Binance and SWIFT: The world’s largest crypto exchange Binance has informed its retail users that they will be unable to transfer amounts less than US$100,000 to and from US-dollar-held bank accounts via the SWIFT payment system.
SWIFT is a network used by large financial institutions to transmit information and instructions concerning transactions and payments around the world.
Binance said that the upcoming restrictions on deposits and transfers from US Dollar-held bank accounts were caused by a decision from an unnamed ‘banking partner’. The crypto exchange added that the banking partner was restricting access for all of its “crypto exchange clients,” however at the time of writing no other major exchanges have made any announcements regarding deposits on SWIFT.
“This is the case for all of their crypto exchange clients. Please be advised that until we are able to find an alternative solution, you may not be able to use your bank account to buy or sell crypto with USD via SWIFT with a value of less than $100,000 USD after February 1st, 2023.”Binance
The news was announced to Binance users in an email sent out on January 21, with the exchange saying now claiming that they are actively seek a new SWIFT partner to avoid future disruptions. Binance clarified that the change wouldn’t impact “corporate accounts”.
Binance did however stress that customers would still be able to use their credit or debit card to buy or sell cryptocurrencies, and that payments to or from third-party exchanges would still be processed.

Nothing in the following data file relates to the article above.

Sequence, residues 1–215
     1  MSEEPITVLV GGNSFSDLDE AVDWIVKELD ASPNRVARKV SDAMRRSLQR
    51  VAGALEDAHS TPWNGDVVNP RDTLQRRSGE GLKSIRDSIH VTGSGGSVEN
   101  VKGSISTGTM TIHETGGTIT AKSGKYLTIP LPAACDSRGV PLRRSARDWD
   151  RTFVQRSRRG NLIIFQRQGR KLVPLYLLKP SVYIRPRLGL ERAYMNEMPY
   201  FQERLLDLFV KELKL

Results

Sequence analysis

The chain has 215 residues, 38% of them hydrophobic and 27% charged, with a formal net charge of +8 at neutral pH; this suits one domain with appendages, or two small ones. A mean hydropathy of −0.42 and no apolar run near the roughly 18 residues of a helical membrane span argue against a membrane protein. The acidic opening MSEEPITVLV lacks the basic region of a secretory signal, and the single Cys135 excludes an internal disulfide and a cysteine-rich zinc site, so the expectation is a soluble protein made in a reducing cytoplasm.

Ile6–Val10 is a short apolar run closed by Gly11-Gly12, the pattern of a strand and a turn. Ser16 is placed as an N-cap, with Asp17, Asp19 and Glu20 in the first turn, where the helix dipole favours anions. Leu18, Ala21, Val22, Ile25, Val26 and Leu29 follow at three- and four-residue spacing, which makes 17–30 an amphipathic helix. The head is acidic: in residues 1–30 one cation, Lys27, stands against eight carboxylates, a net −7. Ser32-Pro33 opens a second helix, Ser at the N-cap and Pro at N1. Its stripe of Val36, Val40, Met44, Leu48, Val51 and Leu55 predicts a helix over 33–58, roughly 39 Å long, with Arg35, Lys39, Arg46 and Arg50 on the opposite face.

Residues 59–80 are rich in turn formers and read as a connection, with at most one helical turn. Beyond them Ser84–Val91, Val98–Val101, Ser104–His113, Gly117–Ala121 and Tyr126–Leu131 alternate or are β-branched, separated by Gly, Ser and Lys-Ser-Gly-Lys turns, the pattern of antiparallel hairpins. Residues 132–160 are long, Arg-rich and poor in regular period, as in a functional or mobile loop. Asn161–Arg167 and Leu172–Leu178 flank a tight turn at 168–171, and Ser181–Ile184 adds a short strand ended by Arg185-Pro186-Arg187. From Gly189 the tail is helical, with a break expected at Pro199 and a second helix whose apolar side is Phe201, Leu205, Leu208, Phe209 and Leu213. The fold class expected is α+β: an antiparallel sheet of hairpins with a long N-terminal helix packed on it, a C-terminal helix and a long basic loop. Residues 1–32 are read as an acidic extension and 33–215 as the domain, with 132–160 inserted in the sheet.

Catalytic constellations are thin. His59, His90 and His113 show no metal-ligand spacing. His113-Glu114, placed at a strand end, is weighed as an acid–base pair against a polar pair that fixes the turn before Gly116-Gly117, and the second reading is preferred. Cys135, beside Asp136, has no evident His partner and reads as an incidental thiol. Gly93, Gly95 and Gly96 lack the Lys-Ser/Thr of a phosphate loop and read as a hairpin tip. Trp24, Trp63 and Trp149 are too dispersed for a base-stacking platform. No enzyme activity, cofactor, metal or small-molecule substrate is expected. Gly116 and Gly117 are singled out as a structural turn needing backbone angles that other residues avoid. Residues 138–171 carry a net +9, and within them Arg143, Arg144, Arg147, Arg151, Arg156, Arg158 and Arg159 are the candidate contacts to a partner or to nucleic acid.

Even though Binance chose not to name the banking partner in the email, a recent report from Bloomberg shows that the partner in question is the Chicago-based Signature Bank. Bloomberg clarified that Signature Bank imposed the new limit of US$100,000 in a bid to distance itself from the digital asset industry in the wake of the FTX collapse.
Binance and Australia
In recent news, Australian regulators are intensifying their investigation into Binance, the world’s largest cryptocurrency exchange, amidst concerns that the exchange has been flouting local laws by mis-classifying Australian retail investors as wholesale operators.
The Australian Securities and Investments Commission (ASIC) is conducting a “targeted review” of the platform’s derivatives business. the exchange has been in the spotlight since the US Commodity Futures Trading Commission sued the exchange, alleging it was operating an “illegal” exchange and a “sham” compliance program.
Binance’s founder, Changpeng Zhao, and a former top compliance executive were also sued in the case. Binance Australia’s former CEO has resigned, and ASIC had previously hit the exchange with notices about the mis-classification of around 500 customers.